Hidden - October 2, 2021

Niacinamide: Why You Should Consider This Skincare Supplement

You have probably seen topical niacinamide everywhere lately, and don’t get me wrong, I love niacinamide in my skincare products! But I also love taking an oral niacinamide supplement. If you want to continue nurturing your skin from the inside and up your supplement game, I would consider adding a dose of niacinamide.

What Is Niacinamide?

Niacinamide is a derivative of vitamin B. There are eight B vitamins needed by the body; vitamin B3 is also known as niacin, and once niacin is ingested, it’s converted into niacinamide. Niacin is naturally found in:

  • Eggs
  • Grains
  • Green vegetables
  • Legumes
  • Fish
  • Dairy

So can’t you just eat more foods with niacin? Well, not exactly. 

Niacinamide supplements are an active form of niacin, which means they’re highly absorbable because they’re already in the form that your body can use. In addition, it’s hard to track the vitamins you get from the food you eat. When you take a supplement, you know what you’re getting and how much.

Researchers believe that niacinamide works because it’s a precursor to nicotinamide adenine dinucleotide (NAD+/NADH) and nicotinamide adenine dinucleotide phosphate (NADP+), both of which are critical to cellular health. Niacinamide supports your cells in repairing damage, propagating, and functioning properly; it neutralizes free radicals to prevent them from causing damage in your body.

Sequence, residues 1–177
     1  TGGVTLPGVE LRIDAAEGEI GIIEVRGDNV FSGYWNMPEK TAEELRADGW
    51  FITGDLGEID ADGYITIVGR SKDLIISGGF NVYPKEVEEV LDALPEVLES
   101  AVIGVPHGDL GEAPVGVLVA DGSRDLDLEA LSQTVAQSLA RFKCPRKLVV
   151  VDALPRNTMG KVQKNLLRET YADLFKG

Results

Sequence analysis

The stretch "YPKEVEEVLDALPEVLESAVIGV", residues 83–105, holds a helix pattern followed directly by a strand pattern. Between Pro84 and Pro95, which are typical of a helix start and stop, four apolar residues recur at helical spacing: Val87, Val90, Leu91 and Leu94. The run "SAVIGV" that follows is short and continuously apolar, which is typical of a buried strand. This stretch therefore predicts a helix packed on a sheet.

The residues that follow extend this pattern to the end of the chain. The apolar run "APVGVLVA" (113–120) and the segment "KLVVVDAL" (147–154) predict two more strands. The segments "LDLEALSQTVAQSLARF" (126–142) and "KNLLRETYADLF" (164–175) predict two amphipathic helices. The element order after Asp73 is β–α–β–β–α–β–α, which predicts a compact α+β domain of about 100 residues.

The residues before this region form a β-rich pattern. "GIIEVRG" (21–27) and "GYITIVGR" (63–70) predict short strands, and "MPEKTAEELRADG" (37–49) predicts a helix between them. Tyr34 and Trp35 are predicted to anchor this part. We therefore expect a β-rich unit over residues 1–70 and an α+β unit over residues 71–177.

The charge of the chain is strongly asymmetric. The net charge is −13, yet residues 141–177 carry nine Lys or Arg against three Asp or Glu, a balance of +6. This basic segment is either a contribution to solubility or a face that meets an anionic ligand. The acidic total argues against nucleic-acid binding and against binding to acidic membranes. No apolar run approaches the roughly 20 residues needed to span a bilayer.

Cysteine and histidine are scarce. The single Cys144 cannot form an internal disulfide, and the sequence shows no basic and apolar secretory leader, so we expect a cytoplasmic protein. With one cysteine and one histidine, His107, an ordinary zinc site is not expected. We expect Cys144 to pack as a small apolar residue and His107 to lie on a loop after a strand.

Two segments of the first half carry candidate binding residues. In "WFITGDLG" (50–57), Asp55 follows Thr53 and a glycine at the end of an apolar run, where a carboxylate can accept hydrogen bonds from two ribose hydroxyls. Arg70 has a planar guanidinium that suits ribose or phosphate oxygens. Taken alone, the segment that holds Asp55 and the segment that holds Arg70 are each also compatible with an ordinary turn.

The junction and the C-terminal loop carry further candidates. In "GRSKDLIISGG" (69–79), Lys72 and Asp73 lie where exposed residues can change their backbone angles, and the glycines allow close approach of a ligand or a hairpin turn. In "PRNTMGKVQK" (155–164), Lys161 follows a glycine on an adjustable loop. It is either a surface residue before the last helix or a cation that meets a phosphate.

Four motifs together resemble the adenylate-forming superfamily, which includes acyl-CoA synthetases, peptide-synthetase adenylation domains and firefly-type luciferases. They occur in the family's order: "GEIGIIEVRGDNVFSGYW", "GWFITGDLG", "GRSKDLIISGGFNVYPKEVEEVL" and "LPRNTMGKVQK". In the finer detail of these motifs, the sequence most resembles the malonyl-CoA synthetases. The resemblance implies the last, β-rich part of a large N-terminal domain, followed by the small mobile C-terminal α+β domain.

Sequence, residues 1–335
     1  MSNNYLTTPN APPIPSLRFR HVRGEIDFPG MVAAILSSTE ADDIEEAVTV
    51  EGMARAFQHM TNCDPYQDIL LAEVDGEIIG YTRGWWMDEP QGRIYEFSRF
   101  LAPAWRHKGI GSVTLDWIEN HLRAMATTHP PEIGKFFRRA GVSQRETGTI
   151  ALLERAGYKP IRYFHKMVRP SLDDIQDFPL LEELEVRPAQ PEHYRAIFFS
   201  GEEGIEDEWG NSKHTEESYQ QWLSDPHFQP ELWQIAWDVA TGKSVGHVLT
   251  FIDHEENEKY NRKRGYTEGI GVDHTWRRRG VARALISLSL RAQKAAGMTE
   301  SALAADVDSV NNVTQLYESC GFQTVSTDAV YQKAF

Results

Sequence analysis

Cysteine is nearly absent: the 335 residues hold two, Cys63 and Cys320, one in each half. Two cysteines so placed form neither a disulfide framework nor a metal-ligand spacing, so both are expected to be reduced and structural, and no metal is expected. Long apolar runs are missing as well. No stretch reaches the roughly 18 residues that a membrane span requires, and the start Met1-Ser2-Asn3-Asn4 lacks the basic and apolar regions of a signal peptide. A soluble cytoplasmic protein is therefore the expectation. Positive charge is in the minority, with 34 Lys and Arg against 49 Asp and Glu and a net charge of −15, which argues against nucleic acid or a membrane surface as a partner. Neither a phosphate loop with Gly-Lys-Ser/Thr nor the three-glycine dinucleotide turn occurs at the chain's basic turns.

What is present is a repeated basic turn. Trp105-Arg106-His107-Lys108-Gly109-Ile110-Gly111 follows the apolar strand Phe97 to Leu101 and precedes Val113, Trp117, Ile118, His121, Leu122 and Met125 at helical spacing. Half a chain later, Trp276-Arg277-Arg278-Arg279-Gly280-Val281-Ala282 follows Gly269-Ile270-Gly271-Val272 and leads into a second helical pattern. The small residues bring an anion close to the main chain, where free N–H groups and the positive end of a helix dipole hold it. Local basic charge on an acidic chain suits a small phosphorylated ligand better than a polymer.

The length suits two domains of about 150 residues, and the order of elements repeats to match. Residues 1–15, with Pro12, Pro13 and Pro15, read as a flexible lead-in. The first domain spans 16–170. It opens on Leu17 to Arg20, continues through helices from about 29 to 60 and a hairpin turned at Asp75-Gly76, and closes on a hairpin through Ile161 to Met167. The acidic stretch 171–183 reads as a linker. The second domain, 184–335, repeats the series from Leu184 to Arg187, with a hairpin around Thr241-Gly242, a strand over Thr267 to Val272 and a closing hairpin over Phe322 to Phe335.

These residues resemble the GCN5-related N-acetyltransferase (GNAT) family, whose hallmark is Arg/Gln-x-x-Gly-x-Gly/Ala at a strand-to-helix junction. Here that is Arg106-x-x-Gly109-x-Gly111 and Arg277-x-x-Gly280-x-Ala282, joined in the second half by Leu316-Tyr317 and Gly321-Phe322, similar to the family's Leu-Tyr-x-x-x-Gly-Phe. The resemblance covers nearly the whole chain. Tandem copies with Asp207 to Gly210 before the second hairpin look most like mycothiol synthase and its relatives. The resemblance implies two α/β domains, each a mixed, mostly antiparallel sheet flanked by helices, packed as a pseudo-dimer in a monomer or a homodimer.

That includes damage to your skin.

Skin Benefits of Niacinamide Supplements

Niacinamide has a number of benefits for the skin, particularly if you suffer from acne or rosacea. Research shows that niacinamide can support better skin health by:

  • Supporting keratin production
  • Improving your skin barrier by increasing production of ceramides, which is important for dry and sensitive skin
  • Calming inflammation
  • Reducing acne breakouts
  • Protecting cells from oxidative damage from free radicals
  • Decreasing skin cancer risk and rebuilding healthy skin cells after UV damage

If you have acne or rosacea, your dermatologist might even recommend prescription niacinamide. Two scientific studies that researched the effectiveness of niacinamide supplements for acne found a significant benefit, with no adverse side effects.

In addition to benefits for the skin, niacinamide supports joint health, promotes restful sleep, and protects beta cells in the pancreas. Some of the most common oral medications used for acne have worrisome side effects, so trying niacinamide supplements first makes sense since they can benefit your overall health, rather than potentially harming it.

What About Topical Niacinamide?

Topical niacinamide is fabulous, and I definitely recommend it, but it doesn’t compare to oral supplements and the systemic benefits they offer. Topical niacinamide can also interact with other serums and skincare products you put on your face, causing irritation. You don’t need to worry about that with supplements.


Challenge: Up your skincare game and add niacinamide to your routine.



An active non-flushing form of vitamin B3 that supports joint and skin health.

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